San Francisco is not the back door of the continent. San Francisco is the front door. Every ship sailing out of its magnificent bay to the Orient, proclaims this fact. San Francisco will one day lead the continent. A city that cares for its poor and helpless, its children and dumb animals, that encourages art and learning, and never wearies in its prosecution of evil-doers—that city will eventually emerge triumphant from every cloud of evil report. Long live the dear city by the Golden Gate!
MARSHALL SAUNDERS, July, 1909.
“Senor Barrow, I congratulate you,” Morale said, in his native tongue. “A woman who cannot be won away by passion or by chance, is a woman of gold.”
GERTRUDE B. MILLARD,
in On the Ciudad Road, The Newsletter, Jan., 1899.
The rose and honey-suckle here entwine
In lovely comradeship their am’rous arms;
Here grasses spread their undecaying charms.
And every wall is eloquent with vine;
Far-reaching avenues make beckoning sign,
And as we stroll along their tree-lined way,
The songster trills his rapture-breathing lay
From where he finds inviolable shrine.
And yet, within this beauty-haunted place
War keeps his dreadful engines at command.
With scarce a smile upon his frowning face,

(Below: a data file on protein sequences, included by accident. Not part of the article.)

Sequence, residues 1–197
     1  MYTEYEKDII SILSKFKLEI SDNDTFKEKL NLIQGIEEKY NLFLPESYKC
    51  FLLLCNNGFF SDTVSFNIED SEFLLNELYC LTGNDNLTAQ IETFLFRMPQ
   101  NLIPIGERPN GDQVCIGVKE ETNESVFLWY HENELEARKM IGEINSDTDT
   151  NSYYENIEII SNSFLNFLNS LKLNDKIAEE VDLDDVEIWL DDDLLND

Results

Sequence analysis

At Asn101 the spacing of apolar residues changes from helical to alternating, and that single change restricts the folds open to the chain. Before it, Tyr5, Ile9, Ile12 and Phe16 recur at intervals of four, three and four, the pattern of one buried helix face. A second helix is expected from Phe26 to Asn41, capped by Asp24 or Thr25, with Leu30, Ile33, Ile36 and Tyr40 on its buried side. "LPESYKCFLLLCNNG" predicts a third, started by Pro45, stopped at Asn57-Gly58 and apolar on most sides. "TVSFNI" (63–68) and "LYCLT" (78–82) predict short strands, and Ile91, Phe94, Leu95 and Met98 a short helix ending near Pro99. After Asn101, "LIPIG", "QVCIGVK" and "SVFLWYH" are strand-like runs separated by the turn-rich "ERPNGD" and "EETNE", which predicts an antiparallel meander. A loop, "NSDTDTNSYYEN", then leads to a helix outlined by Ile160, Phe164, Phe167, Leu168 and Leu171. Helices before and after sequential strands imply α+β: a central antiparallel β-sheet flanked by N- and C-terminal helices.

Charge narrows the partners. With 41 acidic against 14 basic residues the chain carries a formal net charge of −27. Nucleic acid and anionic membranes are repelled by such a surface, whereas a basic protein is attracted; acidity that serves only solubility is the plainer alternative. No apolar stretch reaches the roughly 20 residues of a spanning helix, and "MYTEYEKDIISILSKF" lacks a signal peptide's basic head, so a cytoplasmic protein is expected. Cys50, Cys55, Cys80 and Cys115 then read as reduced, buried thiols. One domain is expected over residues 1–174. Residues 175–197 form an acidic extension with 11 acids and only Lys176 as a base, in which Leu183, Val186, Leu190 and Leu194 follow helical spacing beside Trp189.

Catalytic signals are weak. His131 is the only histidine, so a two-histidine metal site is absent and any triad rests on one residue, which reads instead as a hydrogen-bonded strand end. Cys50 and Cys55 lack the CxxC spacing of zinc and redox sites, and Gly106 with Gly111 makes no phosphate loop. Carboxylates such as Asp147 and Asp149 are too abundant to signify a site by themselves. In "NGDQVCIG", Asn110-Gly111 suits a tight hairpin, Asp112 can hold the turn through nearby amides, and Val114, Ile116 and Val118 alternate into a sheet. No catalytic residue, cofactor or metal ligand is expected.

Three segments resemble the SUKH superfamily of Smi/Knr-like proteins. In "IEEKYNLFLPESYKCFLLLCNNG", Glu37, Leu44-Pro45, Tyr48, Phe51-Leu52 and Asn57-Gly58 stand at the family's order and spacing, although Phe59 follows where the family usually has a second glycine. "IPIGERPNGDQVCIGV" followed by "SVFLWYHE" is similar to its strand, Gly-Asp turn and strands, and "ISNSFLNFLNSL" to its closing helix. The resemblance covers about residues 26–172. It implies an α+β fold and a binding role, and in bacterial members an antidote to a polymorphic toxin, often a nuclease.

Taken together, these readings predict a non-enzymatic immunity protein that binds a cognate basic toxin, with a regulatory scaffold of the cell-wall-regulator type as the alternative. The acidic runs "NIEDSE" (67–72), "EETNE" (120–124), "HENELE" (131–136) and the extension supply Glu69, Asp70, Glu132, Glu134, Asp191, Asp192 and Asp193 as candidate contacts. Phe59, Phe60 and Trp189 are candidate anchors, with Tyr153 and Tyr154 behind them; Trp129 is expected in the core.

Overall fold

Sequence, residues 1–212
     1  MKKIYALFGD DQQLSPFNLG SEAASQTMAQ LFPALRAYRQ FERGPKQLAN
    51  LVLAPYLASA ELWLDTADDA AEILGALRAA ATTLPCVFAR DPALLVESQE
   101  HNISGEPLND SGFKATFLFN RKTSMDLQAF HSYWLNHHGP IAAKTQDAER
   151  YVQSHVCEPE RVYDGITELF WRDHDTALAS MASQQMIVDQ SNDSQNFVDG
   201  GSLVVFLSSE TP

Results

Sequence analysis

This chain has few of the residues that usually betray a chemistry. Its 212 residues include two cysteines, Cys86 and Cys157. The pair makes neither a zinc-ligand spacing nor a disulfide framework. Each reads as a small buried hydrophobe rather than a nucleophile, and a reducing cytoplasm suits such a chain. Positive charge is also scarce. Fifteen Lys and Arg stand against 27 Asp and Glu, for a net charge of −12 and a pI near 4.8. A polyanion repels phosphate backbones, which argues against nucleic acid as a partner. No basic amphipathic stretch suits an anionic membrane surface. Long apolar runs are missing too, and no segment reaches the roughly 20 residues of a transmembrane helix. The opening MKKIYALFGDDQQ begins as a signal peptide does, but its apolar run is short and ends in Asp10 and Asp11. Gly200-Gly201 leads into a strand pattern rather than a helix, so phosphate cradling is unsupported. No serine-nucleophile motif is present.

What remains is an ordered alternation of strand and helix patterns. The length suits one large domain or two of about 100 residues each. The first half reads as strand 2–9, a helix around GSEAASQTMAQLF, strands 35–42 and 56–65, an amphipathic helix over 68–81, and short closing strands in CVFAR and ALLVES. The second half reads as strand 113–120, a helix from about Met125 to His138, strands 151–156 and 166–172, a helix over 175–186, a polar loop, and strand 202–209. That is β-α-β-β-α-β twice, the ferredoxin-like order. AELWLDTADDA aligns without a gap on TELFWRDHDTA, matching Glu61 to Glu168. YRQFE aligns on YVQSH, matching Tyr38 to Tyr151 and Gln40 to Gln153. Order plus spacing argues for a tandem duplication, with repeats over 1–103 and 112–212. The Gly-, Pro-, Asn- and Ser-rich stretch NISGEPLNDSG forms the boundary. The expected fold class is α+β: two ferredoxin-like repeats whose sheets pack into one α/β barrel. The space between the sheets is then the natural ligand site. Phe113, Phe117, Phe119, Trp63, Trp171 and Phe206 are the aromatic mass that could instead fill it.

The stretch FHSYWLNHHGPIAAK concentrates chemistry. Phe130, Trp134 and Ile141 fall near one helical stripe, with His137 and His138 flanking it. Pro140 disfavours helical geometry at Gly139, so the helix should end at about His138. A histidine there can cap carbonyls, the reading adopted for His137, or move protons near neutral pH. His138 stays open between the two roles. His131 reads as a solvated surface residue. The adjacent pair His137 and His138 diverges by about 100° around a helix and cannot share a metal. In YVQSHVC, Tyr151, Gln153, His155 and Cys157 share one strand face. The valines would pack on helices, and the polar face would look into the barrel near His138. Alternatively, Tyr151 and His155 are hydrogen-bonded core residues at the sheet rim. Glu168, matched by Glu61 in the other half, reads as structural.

And ever ready, unrelaxing hand ...
We start to see, when dreaming in these bowers,
A tiger sleeping on a bed of flowers.
EDWARD ROBESON TAYLOR,
in Moods and Other Verse.
THE CITY’S VOICE.
A mighty undertone of mingled sound;
The cadent tumult rising from a throng
Of urban workers, blending in a song
Of greater life that makes the pulses bound.
The whirr of turning wheels, the hammers’ ring
The noise of traffic and the tread of men,
The viol’s sigh, the scratching of a pen—
All to a vibrant Whole their echoes fling.
Hark to the City’s voice; it tells a tale
Of triumphs and defeats, of joy and woe,
The lover’s tryst, the challenge of a foe,
A dying gasp, a new-born infant’s wail.
The pulse-beats of a million hearts combined,
Reverberating in a rhythmic thrill—
A vital message that is never still—
A sweeping, cosmic chorus, unconfined.
LOUIS J. STELLMANN,
in San Francisco Town Talk, December 6, 1902.
From his windows on Russian Hill one saw always something strange and suggestive creeping through the mists of the bay. It would be a South Sea Island brig, bringing in copra, to take out cottons and idols; a Chinese junk after sharks’ livers; an old whaler, which seemed to drip oil, home from a year of cruising in the Arctic. Even the tramp windjammers were deep-chested craft, capable of rounding the Horn or of circumnavigating the globe; and they came in streaked and picturesque from their long voyaging.